COLIN MONTGOMERIE: Well, it's a thing that it might happen if I win this money list again for the 5th year running, it might. But it's not the first goal of mine this year. The first goal of mine is to improve, and if I improve things will take care of themselves, it's not something that I'm thinking about at this stage. I've only played 3 tournaments in Europe, things haven't really started yet. If I'm thinking about that I'm worrying myself to an early grave.
Q. In other words, equaling that wouldn't have any bearing on whether you came to America in the future?
COLIN MONTGOMERIE: Not at all, not at all. If I go 5, 6 or 7, I'll stay where I am for the foreseeable future. If things change I'm not saying I'll ever shut the door and play again. I do enjoy playing here. The courses are off a standard where we don't see week in and week out in your opinion. And obviously you've got the top players here, as well. So it's great to come over and compete.
Q. How big an influence has Nick Faldo's sort of regimen or plan been on you in terms of what he's trying to accomplish by living here?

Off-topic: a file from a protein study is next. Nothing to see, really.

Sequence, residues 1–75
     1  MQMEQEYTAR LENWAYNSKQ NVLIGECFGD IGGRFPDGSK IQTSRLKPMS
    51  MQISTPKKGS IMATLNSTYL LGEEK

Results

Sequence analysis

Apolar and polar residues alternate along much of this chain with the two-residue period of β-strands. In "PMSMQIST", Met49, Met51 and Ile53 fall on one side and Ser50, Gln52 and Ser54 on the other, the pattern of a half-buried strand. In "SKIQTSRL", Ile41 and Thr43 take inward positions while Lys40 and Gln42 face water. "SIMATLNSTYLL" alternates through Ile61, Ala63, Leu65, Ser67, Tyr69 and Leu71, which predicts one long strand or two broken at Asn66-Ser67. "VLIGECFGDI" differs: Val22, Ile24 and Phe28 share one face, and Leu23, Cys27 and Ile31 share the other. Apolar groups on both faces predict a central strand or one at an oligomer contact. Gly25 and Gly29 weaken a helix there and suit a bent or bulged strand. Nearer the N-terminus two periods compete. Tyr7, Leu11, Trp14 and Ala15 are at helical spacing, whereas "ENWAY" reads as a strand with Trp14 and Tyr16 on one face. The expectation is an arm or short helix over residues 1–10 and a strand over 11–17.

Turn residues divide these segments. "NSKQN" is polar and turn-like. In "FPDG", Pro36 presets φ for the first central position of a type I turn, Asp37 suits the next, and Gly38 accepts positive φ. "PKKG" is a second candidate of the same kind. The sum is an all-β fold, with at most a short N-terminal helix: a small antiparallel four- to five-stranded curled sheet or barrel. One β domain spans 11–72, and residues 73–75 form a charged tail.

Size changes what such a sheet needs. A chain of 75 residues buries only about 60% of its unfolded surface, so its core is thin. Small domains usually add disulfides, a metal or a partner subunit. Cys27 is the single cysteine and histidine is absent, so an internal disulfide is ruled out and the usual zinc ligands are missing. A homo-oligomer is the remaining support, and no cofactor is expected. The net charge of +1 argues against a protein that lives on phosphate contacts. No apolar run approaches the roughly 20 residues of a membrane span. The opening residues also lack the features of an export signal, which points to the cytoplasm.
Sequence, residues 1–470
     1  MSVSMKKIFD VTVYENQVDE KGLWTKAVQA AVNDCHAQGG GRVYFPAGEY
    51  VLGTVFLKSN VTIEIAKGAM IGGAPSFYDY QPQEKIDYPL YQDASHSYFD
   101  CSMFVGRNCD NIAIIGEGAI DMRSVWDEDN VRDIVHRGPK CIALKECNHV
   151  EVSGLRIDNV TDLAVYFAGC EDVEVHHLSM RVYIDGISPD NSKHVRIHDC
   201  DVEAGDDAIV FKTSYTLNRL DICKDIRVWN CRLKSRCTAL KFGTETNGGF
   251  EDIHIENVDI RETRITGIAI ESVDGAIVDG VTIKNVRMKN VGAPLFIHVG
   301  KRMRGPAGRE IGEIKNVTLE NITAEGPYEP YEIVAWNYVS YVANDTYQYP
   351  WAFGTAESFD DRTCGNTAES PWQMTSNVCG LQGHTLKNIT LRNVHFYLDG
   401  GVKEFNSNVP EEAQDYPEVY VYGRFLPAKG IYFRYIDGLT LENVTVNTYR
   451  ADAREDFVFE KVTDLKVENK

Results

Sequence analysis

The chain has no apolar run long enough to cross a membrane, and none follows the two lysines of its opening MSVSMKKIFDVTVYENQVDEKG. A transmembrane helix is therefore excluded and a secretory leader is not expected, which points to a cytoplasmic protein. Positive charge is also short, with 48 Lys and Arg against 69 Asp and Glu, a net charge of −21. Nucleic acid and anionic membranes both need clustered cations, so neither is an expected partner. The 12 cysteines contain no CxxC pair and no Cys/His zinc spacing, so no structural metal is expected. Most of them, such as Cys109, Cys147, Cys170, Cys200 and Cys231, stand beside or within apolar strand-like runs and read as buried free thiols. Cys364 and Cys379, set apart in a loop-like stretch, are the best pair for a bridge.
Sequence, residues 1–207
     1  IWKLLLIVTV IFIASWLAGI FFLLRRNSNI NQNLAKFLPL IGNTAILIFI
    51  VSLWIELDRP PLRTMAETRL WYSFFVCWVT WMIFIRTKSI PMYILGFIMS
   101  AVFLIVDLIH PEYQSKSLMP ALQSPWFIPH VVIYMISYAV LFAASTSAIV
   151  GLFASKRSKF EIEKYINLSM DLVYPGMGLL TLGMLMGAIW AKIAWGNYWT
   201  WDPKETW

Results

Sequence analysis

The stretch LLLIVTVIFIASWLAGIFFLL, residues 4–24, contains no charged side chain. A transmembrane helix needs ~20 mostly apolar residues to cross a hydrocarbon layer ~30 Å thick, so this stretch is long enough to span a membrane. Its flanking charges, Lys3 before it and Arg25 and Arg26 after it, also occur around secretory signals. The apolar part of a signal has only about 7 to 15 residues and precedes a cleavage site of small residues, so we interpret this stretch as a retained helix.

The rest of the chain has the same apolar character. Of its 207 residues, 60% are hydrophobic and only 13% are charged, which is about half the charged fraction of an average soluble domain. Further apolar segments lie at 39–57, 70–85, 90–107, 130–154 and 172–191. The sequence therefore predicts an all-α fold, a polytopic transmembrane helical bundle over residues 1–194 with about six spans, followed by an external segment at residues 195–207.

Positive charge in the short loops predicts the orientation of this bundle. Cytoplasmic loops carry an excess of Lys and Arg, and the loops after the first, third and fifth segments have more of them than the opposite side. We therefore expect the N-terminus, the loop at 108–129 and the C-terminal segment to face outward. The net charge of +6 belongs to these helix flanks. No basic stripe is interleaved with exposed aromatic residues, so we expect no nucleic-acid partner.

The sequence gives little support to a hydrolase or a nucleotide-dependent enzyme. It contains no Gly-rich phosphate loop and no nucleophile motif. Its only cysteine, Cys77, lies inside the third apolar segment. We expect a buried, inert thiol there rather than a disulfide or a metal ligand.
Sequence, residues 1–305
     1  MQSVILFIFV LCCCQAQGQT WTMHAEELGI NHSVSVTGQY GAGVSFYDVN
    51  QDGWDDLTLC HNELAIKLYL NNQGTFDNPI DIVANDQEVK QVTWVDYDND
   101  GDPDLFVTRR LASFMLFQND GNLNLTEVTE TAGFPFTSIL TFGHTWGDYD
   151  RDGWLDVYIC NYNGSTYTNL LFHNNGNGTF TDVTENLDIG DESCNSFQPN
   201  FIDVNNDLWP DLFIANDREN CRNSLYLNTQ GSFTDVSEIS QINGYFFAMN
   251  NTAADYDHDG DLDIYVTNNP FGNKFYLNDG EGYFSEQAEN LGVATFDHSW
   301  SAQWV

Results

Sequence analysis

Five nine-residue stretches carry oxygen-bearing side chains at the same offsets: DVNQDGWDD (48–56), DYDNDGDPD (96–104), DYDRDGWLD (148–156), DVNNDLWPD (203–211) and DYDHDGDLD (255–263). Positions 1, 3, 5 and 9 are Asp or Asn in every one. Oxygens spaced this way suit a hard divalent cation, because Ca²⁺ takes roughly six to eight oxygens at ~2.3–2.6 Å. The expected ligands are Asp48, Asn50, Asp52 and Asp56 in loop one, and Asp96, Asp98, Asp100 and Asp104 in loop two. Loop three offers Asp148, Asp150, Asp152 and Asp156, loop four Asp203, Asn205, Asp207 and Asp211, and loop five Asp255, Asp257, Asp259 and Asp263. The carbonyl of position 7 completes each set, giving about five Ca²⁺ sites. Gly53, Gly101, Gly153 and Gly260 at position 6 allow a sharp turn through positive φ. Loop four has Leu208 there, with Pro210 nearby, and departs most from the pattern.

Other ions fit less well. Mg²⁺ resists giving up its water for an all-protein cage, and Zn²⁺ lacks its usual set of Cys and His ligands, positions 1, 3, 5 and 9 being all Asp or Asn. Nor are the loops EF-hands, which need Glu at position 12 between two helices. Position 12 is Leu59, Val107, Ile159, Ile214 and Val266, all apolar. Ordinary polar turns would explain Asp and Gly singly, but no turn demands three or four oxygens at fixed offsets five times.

COLIN MONTGOMERIE: He's in a different situation, he's got an American girlfriend and his situation is very different than mine. I don't have an American girlfriend (laughter).
Q. Can we quote you on that?
COLIN MONTGOMERIE: Well, it's a fact, and I'm very happy where I am. Home in England. But his situation changed as we all know last year, and all credit to him. He's come over here and done very well. But it hasn't influenced me one way or another.
Q. Colin, I think you said the putts didn't drop today, do I take it from 245 you feel you could have scored better?
COLIN MONTGOMERIE: Oh, yeah, I hit some good shots in there today. I think I only missed one green in regulation, which I'm satisfied with around a course of this quality, as I say. So, if I can play that way on the weekend and hole a few putts I'll be in contention.
Q. Run us through the birdies.
COLIN MONTGOMERIE: The birdies at the 16th was a 3-wood and a wedge to 8 foot. On 18 was a driver wedge to 4 foot. On 7 was a 3-wood, 9-iron to 20-foot. But it was a few 15 or 10-footers in there that just didn't go in, unfortunately, and there you go. I'll take 6 and 9 anywhere around here.
Q. Where did the wedge on 18 go?
COLIN MONTGOMERIE: How far was it? It was 122 or 23 or something. Downwind, left and right, you still have to take it over the water slightly, which we never like doing, knowing you can count the distances there's no problem.
Q. Would you look forward playing that hole into the wind?
COLIN MONTGOMERIE: I never look forward playing that hole, no, whatever the wind (laughter.) Who would ever look forward playing that hole into the wind?
Q. Is it too tough now?
COLIN MONTGOMERIE: No, no, not at all. I'm all for tough courses. I love the U.S. Open venues out here and that sort of thing. The Ryder Cup at Oak Hill, that was a typical U.S. Open place, the tougher the better, as far as I'm concerned.
Q. That hole in particular?